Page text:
Email is an essential tool for businesses, both for internal communications and as a way of marketing products and services to consumers. As important as the tool itself, the Controlling the Assault of Non-Solicited Pornography and Marketing Act (CAN-SPAM Act), which regulates commercial email, is a set of rules every business should know, especially email marketers. This article gives a brief introduction to the CAN-SPAM Act and provides recommendations on how businesses can ensure their email marketing campaigns meet the CAN-SPAM Act's requirements.
The popularity of email marketing has resulted in a high volume of emails in consumers' virtual mailboxes daily. To combat the rise of unsolicited commercial email, congress enacted the Controlling the Assault of Non-Solicited Pornography and Marketing Act (CAN-SPAM Act), which regulates the transmission of all commercial email messages. This article gives a brief introduction to the CAN-SPAM Act and provides recommendations on how businesses can ensure their email marketing campaigns meet the CAN-SPAM Act's requirements.
The CAN-SPAM Act:
Establishes the requirements for commercial email.
Gives recipients rights against email marketers.
Puts in place penalties for violations.
The Act defines a commercial email message as any electronic mail message the primary purpose of which is the commercial advertisement or promotion of a commercial product or service. (15 U.S.C. § 7702(2)(A)). This definition includes emails sent to business email accounts and individual consumers. Instead of an outright ban on unsolicited commercial email, the CAN-SPAM Act:
Sets out specific requirements for commercial email messages.
Ensures consumers can opt out of receiving commercial email messages.
The Federal Trade Commission (FTC) is the government agency primarily responsible for enforcing the CAN-SPAM Act. The FTC can seek civil penalties for CAN-SPAM Act violations as if they were violations of trade regulations and rules, including:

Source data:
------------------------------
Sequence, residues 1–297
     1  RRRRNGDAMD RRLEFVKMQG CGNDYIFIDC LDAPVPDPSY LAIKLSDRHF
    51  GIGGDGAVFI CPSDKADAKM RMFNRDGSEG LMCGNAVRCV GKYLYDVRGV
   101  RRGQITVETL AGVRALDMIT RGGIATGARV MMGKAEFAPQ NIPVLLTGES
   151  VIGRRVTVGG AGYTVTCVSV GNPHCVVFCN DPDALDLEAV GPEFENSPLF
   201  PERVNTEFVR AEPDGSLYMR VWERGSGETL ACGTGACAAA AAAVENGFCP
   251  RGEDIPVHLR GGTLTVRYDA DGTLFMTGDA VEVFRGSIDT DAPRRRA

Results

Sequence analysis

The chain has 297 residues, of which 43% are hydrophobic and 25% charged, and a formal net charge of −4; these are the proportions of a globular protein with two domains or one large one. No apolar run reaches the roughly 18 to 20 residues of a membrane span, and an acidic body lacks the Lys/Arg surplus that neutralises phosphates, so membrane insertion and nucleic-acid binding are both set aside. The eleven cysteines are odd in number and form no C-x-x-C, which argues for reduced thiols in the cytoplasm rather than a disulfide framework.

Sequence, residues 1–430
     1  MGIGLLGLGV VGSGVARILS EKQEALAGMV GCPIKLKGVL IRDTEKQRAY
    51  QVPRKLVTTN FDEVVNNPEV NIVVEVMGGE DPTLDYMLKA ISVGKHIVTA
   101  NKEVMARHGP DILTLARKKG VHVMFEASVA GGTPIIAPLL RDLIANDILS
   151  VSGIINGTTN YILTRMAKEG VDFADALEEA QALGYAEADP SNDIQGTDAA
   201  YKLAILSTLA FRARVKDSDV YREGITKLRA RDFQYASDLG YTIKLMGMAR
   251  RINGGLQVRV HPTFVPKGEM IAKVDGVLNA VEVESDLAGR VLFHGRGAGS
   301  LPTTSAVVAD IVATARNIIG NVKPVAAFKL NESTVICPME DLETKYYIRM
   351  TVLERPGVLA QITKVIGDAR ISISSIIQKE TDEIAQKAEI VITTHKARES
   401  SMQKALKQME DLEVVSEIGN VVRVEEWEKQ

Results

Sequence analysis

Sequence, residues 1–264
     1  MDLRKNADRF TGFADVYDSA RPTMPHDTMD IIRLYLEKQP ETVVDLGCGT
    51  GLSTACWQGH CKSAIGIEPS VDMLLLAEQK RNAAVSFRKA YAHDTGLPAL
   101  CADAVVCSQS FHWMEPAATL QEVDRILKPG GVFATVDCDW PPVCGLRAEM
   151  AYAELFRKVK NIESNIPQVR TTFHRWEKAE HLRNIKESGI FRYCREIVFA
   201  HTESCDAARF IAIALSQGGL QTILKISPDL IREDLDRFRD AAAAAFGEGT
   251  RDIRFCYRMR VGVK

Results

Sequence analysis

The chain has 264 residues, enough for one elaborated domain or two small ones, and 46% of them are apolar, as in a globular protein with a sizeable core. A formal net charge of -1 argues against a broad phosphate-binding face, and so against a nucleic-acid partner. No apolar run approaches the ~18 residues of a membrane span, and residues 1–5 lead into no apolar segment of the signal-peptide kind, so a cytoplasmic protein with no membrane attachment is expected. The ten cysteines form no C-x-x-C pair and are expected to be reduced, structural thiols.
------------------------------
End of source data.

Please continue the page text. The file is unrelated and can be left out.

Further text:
Civil penalties up to $16,000 for each separate email that violates the CAN-SPAM Act.
The broad applicability of the CAN-SPAM Act over commercial email warrants attention from every business. It is important for all businesses that use email to communicate with past, present, and prospective customers to understand how the Act specifically applies to them, whether or not they engage in specific email marketing campaigns.
Any person, including business entities and nonprofit associations that initiate commercial email messages, must comply with the CAN-SPAM Act. The Act defines and applies differently to initiators and senders of commercial emails:
An initiator of a commercial email message either:
Originates or transmits the email.
Procures the transmission of the email (that is, intentionally pays or provides other consideration to, or induces another person to transmit the email on its behalf).
A sender is an initiator whose own product, service, or website, is advertised or promoted in the commercial message.